One Researcher Discovered a Giant Library of Islamic State Propaganda

The discovery was reported after a six month long investigation by Wired

A giant cache of Islamic State propaganda – named the Caliphate Cache by the ISD –  has been discovered on the internet, a Wired investigation reports. The cache – which is one of the largest known of this kind – contains 4000 separate folders, 90 000 pieces of content, and attracts around 10 000 unique visitors a month.

This library of information relating to ISIS and other, lesser-known terrorist organizations like the Tawhid wal-Jihad Group and Majlis Shura al-Mujahidin is stored on a decentralized cloud storage software called Nextcloud. Moustafa Ayad, a deputy director of the counter-extremism think tank Institute of Strategic Dialogue (ISD) and the man who discovered the disturbing cache called it “a blueprint for terrorism, complete with footnotes.”

“It’s everything anyone with an inclination for violence would need to carry out an attack,” he told Wired.

Within the thousands of folders, Ayad found tips for hijacking planes, making your own chloroform, subverting security (both online and offline), creating explosives, hiding weapons, and more. It also hosted thousands of videos; of prior attacks, torture and execution videos, sermons, and lessons in ideology. It also opened a window into the more mundane aspects of life under ISIS, like their school curriculum which taught six key subjects: English, PE, Arabic, Koranic Studies, Geography and History, and ‘Ideology’.

The content is available in multiple languages including Arabic, English, German, French, Spanish, Russian, Bangla, Turkish, and Pashto, reports Wired, and it isn’t all violent.

According to the BBC, “most of those drawn to the Caliphate Cache are 18- to 24-year-old males in the Arab world, with 40% of the traffic coming from social media, largely via YouTube.”

Ayad first discovered the Caliphate Cache by following a link in someone’s Twitter bio. He later found that this is the way such content is spread: covertly, often with shortened links or links embedded in pictures. Propagandists also hijack certain accounts – like a fan of Justin Bieber’s in one instance – to discreetly spread Islamic State (IS) messaging. Beyond social media though, links to the cache can be found in the comments section of what Ayad called “a kind of Jihadi Netflix,” and is woven throughout media and news stories found on the likes of Muslim News.

Researchers believe this online library of IS content and the many others like it are an attempt to preserve IS beyond losing their territorial control in 2017 and 2018. That the cache began to develop rapidly in 2019 backs this claim.

The cache exists as a kind of back-up drive for the so-called Islamic State, a time capsule capturing the moment when Isis stood at the peak of its power, and now monumentalising that moment at a time when that power has been undercut…Isis can continue to offer “‘services”’ – propaganda, support, tutorials – to people across the world that consider themselves its citizens, thanks to its hold of digital territory, even after losing its geographic foothold.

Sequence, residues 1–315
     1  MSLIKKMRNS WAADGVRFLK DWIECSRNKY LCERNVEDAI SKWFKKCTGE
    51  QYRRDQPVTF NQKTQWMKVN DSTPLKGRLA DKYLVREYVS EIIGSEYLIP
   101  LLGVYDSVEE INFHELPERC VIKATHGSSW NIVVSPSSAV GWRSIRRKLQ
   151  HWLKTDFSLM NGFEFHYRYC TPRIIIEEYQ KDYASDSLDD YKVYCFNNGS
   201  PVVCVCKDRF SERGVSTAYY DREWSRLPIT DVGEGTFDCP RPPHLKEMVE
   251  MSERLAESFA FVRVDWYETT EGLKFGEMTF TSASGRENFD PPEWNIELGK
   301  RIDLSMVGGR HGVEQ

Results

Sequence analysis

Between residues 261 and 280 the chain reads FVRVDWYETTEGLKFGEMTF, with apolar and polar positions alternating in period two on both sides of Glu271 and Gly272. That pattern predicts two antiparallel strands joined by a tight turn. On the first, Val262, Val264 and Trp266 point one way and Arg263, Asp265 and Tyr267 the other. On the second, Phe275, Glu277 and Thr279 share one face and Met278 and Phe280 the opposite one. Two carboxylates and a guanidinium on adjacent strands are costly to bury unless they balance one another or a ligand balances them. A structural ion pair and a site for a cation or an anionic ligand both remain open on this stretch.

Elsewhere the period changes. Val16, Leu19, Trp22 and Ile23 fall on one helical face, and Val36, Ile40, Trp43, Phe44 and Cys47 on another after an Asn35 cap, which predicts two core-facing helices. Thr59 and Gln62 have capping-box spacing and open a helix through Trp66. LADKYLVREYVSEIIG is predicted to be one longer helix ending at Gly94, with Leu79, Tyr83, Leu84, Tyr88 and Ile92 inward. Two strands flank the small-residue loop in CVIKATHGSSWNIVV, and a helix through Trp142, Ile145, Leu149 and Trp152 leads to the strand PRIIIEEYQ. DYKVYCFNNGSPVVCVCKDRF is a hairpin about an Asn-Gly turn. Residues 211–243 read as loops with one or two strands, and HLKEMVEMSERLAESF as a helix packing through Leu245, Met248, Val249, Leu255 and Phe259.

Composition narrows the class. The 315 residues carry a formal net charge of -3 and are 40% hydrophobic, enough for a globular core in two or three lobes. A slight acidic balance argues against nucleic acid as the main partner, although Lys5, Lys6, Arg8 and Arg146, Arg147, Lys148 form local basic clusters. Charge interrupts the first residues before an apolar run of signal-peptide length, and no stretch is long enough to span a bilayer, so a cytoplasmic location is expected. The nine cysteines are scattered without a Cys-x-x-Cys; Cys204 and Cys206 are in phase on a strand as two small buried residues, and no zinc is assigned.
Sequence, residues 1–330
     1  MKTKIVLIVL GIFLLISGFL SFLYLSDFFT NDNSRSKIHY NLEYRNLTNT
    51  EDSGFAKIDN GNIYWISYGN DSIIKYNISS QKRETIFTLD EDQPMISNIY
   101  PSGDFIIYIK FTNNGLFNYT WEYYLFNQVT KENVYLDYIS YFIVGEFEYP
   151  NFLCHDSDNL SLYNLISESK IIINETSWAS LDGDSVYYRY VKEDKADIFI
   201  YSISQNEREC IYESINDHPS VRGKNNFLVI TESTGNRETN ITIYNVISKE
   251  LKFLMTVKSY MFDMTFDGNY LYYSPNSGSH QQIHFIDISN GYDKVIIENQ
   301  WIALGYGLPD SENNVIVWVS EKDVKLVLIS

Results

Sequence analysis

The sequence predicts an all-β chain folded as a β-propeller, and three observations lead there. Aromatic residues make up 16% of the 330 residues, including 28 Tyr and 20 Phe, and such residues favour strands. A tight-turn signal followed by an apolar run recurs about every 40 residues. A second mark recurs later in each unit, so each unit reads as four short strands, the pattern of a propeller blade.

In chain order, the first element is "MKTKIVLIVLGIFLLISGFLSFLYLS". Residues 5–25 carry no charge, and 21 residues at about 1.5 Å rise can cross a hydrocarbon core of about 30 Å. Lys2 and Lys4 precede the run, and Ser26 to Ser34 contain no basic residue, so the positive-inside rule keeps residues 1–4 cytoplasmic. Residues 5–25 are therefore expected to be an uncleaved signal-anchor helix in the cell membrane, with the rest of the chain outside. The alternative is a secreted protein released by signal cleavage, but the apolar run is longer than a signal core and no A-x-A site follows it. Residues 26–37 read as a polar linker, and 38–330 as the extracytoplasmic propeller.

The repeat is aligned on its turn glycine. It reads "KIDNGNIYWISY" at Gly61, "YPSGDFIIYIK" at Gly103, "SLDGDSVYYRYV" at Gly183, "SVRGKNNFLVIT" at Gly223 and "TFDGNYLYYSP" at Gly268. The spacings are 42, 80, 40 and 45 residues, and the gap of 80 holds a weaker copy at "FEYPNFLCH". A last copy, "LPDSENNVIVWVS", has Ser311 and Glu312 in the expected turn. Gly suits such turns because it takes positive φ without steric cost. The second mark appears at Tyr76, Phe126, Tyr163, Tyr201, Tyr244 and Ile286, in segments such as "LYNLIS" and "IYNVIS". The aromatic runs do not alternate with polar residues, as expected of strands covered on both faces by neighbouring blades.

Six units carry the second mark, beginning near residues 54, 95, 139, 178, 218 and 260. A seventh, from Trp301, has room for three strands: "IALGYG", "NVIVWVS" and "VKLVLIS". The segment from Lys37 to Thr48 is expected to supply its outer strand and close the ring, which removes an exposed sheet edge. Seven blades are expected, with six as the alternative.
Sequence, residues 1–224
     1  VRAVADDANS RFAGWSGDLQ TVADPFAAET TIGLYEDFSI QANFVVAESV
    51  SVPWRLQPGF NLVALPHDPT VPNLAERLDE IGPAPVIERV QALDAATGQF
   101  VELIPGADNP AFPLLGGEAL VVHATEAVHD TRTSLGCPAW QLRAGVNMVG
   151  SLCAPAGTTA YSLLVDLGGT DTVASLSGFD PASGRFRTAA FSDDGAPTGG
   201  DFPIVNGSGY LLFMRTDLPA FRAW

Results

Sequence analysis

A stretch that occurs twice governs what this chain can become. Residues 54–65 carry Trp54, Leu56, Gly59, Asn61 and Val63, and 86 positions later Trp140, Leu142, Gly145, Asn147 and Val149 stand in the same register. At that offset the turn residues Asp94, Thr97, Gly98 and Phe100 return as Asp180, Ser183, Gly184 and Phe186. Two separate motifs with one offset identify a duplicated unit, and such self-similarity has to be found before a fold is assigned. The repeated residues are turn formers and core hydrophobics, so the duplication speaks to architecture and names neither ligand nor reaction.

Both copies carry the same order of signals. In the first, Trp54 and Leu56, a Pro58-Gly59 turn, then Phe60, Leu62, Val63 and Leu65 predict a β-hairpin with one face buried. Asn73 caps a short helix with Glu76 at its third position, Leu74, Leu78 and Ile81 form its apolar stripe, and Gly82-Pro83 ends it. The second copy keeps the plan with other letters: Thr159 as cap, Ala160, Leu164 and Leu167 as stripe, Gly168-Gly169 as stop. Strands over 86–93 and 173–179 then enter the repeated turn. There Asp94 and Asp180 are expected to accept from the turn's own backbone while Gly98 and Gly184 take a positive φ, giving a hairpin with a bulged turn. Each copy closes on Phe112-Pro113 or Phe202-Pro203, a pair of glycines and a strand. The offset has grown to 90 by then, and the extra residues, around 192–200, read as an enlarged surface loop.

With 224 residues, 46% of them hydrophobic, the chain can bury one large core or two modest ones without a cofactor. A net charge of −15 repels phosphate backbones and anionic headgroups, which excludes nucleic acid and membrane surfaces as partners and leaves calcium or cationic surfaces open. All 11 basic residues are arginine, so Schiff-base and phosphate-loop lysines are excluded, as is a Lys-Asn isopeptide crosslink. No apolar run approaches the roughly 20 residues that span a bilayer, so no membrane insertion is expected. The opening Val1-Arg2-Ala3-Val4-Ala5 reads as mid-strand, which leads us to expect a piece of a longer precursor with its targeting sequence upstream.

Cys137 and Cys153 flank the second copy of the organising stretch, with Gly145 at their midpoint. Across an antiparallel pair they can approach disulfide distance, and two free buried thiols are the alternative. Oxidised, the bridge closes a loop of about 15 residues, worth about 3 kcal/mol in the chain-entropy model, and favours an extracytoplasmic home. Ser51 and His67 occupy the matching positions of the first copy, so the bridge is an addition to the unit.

Despite being reported to UK and US authorities straight away, the cache remains online. An open-source accessible by anyone.

Enormous efforts have been made both by governments and the technology giants to clear Isis off of their platforms, and they face a much more hostile environment online than they did, say, in 2015. Yet counter-terrorism experts, officials, and the tech giants all complain that fighting terrorists online is like a game of whackamole. You hit one part of it, and it pops up somewhere else; before you’ve even raised the mallet, it’s popped up somewhere else too. 

BBC Monitoring senior jihadi specialist Mina Al-Lami told Wired that this type of decentralised storage software is a “staple” for Jihadis. “The attraction for jihadists of these platforms is that the developers of these decentralised platforms have no way of acting against content that is stored on user-operated servers or content that’s shared across a dispersed network of users,” he told the BBC.

And, just like clockwork, as Wired’s investigation came to a close, two more similar caches popped up. One also on Nextcloud and another on a similar service called OpenCloud.

As of now, the cache is still open, still attracting visitors, still spreading propaganda, presumably alongside hundreds more. This continues to be an uphill battle for researchers and governments.

“There is a phrase that’s always associated with terrorists: Baqiya wa tatamadad” Ayad tells Wired: “remaining and expanding”.

You can read the complete investigation here.

 

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